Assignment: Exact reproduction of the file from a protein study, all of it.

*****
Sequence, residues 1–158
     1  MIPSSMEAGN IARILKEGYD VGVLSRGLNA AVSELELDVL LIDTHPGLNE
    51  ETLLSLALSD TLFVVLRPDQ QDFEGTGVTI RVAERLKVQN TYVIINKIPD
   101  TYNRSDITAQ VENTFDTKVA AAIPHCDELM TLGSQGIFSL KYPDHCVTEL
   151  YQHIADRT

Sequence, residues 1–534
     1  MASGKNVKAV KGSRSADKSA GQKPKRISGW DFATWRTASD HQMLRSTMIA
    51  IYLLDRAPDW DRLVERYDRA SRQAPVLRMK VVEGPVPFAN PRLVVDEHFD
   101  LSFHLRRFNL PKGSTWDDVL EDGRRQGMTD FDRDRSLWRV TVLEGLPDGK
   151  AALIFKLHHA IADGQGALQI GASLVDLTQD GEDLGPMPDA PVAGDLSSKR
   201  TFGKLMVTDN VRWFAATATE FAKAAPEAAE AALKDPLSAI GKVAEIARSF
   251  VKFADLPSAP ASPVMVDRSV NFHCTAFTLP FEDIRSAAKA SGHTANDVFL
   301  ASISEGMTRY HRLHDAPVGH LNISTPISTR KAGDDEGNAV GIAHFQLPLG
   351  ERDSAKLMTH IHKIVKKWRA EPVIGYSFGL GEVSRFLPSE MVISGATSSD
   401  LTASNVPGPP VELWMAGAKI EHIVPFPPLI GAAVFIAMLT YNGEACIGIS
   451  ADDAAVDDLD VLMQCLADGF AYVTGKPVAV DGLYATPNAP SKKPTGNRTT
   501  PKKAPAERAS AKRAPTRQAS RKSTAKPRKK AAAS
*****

Sequence, residues 1–158
     1  MIPSSMEAGN IARILKEGYD VGVLSRGLNA AVSELELDVL LIDTHPGLNE
    51  ETLLSLALSD TLFVVLRPDQ QDFEGTGVTI RVAERLKVQN TYVIINKIPD
   101  TYNRSDITAQ VENTFDTKVA AAIPHCDELM TLGSQGIFSL KYPDHCVTEL
   151  YQHIADRT

Sequence, residues 1–534
     1  MASGKNVKAV KGSRSADKSA GQKPKRISGW DFATWRTASD HQMLRSTMIA
    51  IYLLDRAPDW DRLVERYDRA SRQAPVLRMK VVEGPVPFAN PRLVVDEHFD
   101  LSFHLRRFNL PKGSTWDDVL EDGRRQGMTD FDRDRSLWRV TVLEGLPDGK
   151  AALIFKLHHA IADGQGALQI GASLVDLTQD GEDLGPMPDA PVAGDLSSKR
   201  TFGKLMVTDN VRWFAATATE FAKAAPEAAE AALKDPLSAI GKVAEIARSF
   251  VKFADLPSAP ASPVMVDRSV NFHCTAFTLP FEDIRSAAKA SGHTANDVFL
   301  ASISEGMTRY HRLHDAPVGH LNISTPISTR KAGDDEGNAV GIAHFQLPLG
   351  ERDSAKLMTH IHKIVKKWRA EPVIGYSFGL GEVSRFLPSE MVISGATSSD
   401  LTASNVPGPP VELWMAGAKI EHIVPFPPLI GAAVFIAMLT YNGEACIGIS
   451  ADDAAVDDLD VLMQCLADGF AYVTGKPVAV DGLYATPNAP SKKPTGNRTT
   501  PKKAPAERAS AKRAPTRQAS RKSTAKPRKK AAAS